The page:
With high expectations and a long playoff drought, the Blue Jays have gotten off to the worst start imaginable – and we’re still three weeks from Opening Day.
The Toronto Blue Jays have not had the easiest Spring Training, as they have suffered two injuries to pieces the team were counting on. First they lost outfielder Michael Saunders, who hurt his knee in one of the first days of drills when he stepped on a sprinkler head. Originally it was thought that Saunders would be out until the All-Star break, but after surgery it looks like it will be a quicker return. He should return to the team by late April or early May. Unfortunately, that reprieve was short lived; the Blue Jays now have to overcome another injury as they will be without starting pitcher Marcus Stroman. Given the weighty expectations on the Blue Jays heading into 2015, this is hardly the start they’d hoped for.
Stroman tore his ACL and is expected to miss the entire season after undergoing surgery in the coming days. General Managers Alex Anthopoulos said the injury occurred during a bunting drill. Stroman was called off by third baseman Josh Donaldson and Stroman felt something in his knee pop when he stopped. The team will seek a second opinion from Dr. James Andrews, but the team is expecting surgery in the coming days.
Stroman was a rookie last year and was a little inconsistent at times. He had three great months, but two poor months that ultimately skewed his numbers. His first six appearances were as a reliever, where had an unimpressive-to-say-the-least 12.79 ERA. Once he was moved to the rotation, he pitched much better. If you take out the one bad month of August, Stroman had a 9-3 record with a 2.42 ERA as a starter. Now he would be playing with a better catcher in Russell Martin, and it would have been interesting to see what he could do with such an experienced catcher calling the game.
At the moment, the Blue Jays rotation is set to have RA Dickey as their Opening Day starter, with Mark Buehrle and youngsters Drew Hutchison and Daniel Norris. Stroman, Hutchison, and Norris are three young starters that Toronto is hoping will be staples in the rotation for years to come. Norris in particular is the highest rated prospect in the Blue Jays system. The 21-year-old southpaw is the third best lefty according to the MLB prospects. Norris was seen as the number five starter, where he can get probably the fewest amount of starts, but now he will have to step up a little more.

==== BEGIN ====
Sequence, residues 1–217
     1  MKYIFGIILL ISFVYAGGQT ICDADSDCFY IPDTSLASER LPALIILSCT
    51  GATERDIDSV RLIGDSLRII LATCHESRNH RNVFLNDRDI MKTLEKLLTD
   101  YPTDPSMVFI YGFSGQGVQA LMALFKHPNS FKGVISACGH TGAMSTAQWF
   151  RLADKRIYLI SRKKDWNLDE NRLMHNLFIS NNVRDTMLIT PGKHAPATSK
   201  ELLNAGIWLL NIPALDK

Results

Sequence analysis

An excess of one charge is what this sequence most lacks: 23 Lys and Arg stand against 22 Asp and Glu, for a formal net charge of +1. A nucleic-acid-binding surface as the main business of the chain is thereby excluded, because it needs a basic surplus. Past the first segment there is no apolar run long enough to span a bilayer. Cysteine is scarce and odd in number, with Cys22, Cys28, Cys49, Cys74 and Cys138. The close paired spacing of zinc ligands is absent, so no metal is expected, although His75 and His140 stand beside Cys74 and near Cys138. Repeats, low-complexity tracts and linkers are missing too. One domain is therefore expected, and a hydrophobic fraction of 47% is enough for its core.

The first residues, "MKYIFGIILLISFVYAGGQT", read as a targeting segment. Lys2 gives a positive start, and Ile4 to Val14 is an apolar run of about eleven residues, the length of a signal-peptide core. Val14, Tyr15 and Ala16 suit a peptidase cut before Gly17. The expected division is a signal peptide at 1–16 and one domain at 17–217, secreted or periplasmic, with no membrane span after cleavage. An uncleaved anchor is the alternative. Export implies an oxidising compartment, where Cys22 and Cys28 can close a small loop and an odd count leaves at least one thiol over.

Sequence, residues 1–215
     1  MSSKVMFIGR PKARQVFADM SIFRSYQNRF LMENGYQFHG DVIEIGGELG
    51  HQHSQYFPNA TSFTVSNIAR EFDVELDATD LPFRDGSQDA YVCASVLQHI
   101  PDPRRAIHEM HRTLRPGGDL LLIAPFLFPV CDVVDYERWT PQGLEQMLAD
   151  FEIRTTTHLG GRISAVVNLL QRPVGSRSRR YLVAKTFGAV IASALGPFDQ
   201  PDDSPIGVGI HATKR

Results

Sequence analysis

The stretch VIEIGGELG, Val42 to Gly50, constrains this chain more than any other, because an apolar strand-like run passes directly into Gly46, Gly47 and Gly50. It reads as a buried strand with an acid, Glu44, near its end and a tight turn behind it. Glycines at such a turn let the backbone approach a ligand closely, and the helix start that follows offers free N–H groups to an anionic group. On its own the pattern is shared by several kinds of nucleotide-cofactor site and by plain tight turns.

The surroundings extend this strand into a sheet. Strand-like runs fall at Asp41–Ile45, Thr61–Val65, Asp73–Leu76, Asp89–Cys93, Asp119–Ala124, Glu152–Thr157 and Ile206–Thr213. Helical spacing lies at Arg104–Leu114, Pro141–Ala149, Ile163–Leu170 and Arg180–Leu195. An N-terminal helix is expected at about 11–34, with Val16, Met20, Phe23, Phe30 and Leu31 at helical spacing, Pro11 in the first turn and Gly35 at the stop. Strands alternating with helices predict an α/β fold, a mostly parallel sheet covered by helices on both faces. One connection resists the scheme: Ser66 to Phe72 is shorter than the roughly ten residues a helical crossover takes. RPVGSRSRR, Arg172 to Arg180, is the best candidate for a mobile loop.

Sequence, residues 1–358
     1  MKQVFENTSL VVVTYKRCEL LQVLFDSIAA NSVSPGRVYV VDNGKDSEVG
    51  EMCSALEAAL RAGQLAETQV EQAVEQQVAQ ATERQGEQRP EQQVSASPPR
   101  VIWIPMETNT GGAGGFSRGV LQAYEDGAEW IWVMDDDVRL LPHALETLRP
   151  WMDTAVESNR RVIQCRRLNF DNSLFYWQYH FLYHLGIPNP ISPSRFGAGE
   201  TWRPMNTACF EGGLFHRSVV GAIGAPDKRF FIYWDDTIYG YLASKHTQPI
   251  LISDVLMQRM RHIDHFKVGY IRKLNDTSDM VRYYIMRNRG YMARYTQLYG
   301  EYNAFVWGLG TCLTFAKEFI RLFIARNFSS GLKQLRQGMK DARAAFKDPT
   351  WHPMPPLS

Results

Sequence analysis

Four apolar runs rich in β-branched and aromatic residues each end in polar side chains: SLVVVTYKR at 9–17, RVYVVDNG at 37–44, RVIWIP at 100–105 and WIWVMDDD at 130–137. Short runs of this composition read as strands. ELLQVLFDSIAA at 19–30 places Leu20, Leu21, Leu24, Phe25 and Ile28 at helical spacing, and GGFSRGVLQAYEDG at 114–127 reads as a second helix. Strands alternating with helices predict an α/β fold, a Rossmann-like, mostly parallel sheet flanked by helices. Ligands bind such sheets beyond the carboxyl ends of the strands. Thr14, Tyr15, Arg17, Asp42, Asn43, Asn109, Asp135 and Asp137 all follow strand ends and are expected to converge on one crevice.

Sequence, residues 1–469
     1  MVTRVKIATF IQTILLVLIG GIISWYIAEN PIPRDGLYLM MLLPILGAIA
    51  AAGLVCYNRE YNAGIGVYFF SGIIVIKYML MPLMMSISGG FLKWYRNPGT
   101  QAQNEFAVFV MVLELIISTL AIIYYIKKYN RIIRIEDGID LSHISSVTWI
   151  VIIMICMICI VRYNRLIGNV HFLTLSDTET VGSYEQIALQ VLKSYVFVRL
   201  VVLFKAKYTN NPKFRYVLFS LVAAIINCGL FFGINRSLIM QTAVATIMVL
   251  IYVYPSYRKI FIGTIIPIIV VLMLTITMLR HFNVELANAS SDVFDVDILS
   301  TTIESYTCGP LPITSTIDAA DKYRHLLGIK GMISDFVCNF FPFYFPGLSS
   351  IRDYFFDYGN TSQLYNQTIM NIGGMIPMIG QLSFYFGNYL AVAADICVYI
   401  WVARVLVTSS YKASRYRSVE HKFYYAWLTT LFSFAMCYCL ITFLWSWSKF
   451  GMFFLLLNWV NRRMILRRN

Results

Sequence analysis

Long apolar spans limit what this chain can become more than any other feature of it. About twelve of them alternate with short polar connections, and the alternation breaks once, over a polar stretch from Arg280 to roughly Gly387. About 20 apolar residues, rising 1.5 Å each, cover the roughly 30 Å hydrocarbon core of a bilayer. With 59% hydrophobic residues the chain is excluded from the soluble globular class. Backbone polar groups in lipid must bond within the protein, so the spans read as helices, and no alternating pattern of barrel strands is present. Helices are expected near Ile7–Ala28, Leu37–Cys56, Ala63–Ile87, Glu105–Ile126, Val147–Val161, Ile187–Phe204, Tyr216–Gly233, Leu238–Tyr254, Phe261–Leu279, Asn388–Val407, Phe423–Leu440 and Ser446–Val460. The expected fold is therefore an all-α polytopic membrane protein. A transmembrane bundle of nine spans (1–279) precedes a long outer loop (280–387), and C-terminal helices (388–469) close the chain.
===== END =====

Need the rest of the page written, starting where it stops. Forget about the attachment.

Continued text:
The Blue Jays will have a couple of options to fill in the rotation. The first real option would be Marco Estrada, who the Blue Jays acquired from the Milwaukee Brewers at the beginning of the offseason. Estrada pitched decently for the Brewers as a starter as he had an ERA of under 4.00 in 18 starts. Another option would be youngster Aaron Sanchez, who is another prospect who could fill in as a starter. Although many people think that Sanchez will be a reliever, this could be his chance to show what he can do. As a reliever last season, Sanchez had a 1.09 ERA in 33 innings over 24 appearances. Look for Sanchez to get some starts this spring in order to see how he does across multiple innings.
There are a couple of free agent options that they have brought in as well. The biggest name would be Johan Santana, who the Blue Jays signed to a Minor-League deal. The oft-injured pitcher is attempting one more comeback, and it would be nice if he can contribute in any way. There don’t appear to be any more pitchers on the market right now, but that could change at the end of Spring Training. Once the preseason ends, there is usually a series of cuts made. Keep an eye on a team like the Los Angeles Dodgers, who have close to five pitchers vying for one spot.
The season hasn’t started yet and the Blue Jays are already dealing with two big injuries. It will be important for the Blue Jays to get off to a good start, so they can’t use the injuries as an excuse. Hopefully for the Blue Jays, they can stay healthy, because it would be a shame for a team to be buried early on. While these injuries are troublesome, the big names are still healthy and as long as Bautista, Encarnacion, Martin, and Dickey are healthy Toronto should be in contention.